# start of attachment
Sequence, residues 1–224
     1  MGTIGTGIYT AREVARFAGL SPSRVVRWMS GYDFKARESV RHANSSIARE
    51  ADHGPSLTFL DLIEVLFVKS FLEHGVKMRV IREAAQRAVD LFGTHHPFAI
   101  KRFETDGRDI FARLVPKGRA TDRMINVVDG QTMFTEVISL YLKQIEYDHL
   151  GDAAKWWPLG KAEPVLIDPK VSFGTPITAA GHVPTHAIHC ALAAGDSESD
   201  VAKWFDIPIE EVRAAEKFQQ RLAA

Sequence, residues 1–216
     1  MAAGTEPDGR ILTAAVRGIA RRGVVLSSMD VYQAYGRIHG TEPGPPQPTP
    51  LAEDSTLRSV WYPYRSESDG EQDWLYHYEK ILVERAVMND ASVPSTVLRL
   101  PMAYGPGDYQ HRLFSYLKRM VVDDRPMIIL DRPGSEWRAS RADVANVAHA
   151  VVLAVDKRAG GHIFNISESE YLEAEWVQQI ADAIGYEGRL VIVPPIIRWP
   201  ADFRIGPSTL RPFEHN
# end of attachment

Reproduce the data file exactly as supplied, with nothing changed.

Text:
Sequence, residues 1–224
     1  MGTIGTGIYT AREVARFAGL SPSRVVRWMS GYDFKARESV RHANSSIARE
    51  ADHGPSLTFL DLIEVLFVKS FLEHGVKMRV IREAAQRAVD LFGTHHPFAI
   101  KRFETDGRDI FARLVPKGRA TDRMINVVDG QTMFTEVISL YLKQIEYDHL
   151  GDAAKWWPLG KAEPVLIDPK VSFGTPITAA GHVPTHAIHC ALAAGDSESD
   201  VAKWFDIPIE EVRAAEKFQQ RLAA

Sequence, residues 1–216
     1  MAAGTEPDGR ILTAAVRGIA RRGVVLSSMD VYQAYGRIHG TEPGPPQPTP
    51  LAEDSTLRSV WYPYRSESDG EQDWLYHYEK ILVERAVMND ASVPSTVLRL
   101  PMAYGPGDYQ HRLFSYLKRM VVDDRPMIIL DRPGSEWRAS RADVANVAHA
   151  VVLAVDKRAG GHIFNISESE YLEAEWVQQI ADAIGYEGRL VIVPPIIRWP
   201  ADFRIGPSTL RPFEHN